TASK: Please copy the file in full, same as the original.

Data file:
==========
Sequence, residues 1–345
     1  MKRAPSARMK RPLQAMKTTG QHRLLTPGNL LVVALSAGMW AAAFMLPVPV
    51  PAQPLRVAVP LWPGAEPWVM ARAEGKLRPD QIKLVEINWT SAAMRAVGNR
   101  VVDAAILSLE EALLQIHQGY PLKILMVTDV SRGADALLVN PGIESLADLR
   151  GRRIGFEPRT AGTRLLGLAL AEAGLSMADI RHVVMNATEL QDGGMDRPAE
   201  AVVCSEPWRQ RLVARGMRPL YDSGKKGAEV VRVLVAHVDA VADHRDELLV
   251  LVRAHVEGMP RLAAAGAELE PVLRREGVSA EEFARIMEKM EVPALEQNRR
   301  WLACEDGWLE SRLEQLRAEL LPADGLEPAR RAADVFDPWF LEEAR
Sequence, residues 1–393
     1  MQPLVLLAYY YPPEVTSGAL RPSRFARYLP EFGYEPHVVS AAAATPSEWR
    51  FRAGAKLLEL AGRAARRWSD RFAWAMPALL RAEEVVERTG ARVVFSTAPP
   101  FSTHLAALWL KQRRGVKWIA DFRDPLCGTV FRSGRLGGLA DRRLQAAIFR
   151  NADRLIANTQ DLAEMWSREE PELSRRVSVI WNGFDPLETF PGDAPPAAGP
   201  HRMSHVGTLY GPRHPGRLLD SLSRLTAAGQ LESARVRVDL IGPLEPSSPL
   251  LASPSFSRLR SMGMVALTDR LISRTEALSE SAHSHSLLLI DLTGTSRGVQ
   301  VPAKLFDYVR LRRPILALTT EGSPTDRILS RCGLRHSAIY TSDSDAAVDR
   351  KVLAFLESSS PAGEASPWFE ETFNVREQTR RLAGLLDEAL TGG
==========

Sequence, residues 1–345
     1  MKRAPSARMK RPLQAMKTTG QHRLLTPGNL LVVALSAGMW AAAFMLPVPV
    51  PAQPLRVAVP LWPGAEPWVM ARAEGKLRPD QIKLVEINWT SAAMRAVGNR
   101  VVDAAILSLE EALLQIHQGY PLKILMVTDV SRGADALLVN PGIESLADLR
   151  GRRIGFEPRT AGTRLLGLAL AEAGLSMADI RHVVMNATEL QDGGMDRPAE
   201  AVVCSEPWRQ RLVARGMRPL YDSGKKGAEV VRVLVAHVDA VADHRDELLV
   251  LVRAHVEGMP RLAAAGAELE PVLRREGVSA EEFARIMEKM EVPALEQNRR
   301  WLACEDGWLE SRLEQLRAEL LPADGLEPAR RAADVFDPWF LEEAR
Sequence, residues 1–393
     1  MQPLVLLAYY YPPEVTSGAL RPSRFARYLP EFGYEPHVVS AAAATPSEWR
    51  FRAGAKLLEL AGRAARRWSD RFAWAMPALL RAEEVVERTG ARVVFSTAPP
   101  FSTHLAALWL KQRRGVKWIA DFRDPLCGTV FRSGRLGGLA DRRLQAAIFR
   151  NADRLIANTQ DLAEMWSREE PELSRRVSVI WNGFDPLETF PGDAPPAAGP
   201  HRMSHVGTLY GPRHPGRLLD SLSRLTAAGQ LESARVRVDL IGPLEPSSPL
   251  LASPSFSRLR SMGMVALTDR LISRTEALSE SAHSHSLLLI DLTGTSRGVQ
   301  VPAKLFDYVR LRRPILALTT EGSPTDRILS RCGLRHSAIY TSDSDAAVDR
   351  KVLAFLESSS PAGEASPWFE ETFNVREQTR RLAGLLDEAL TGG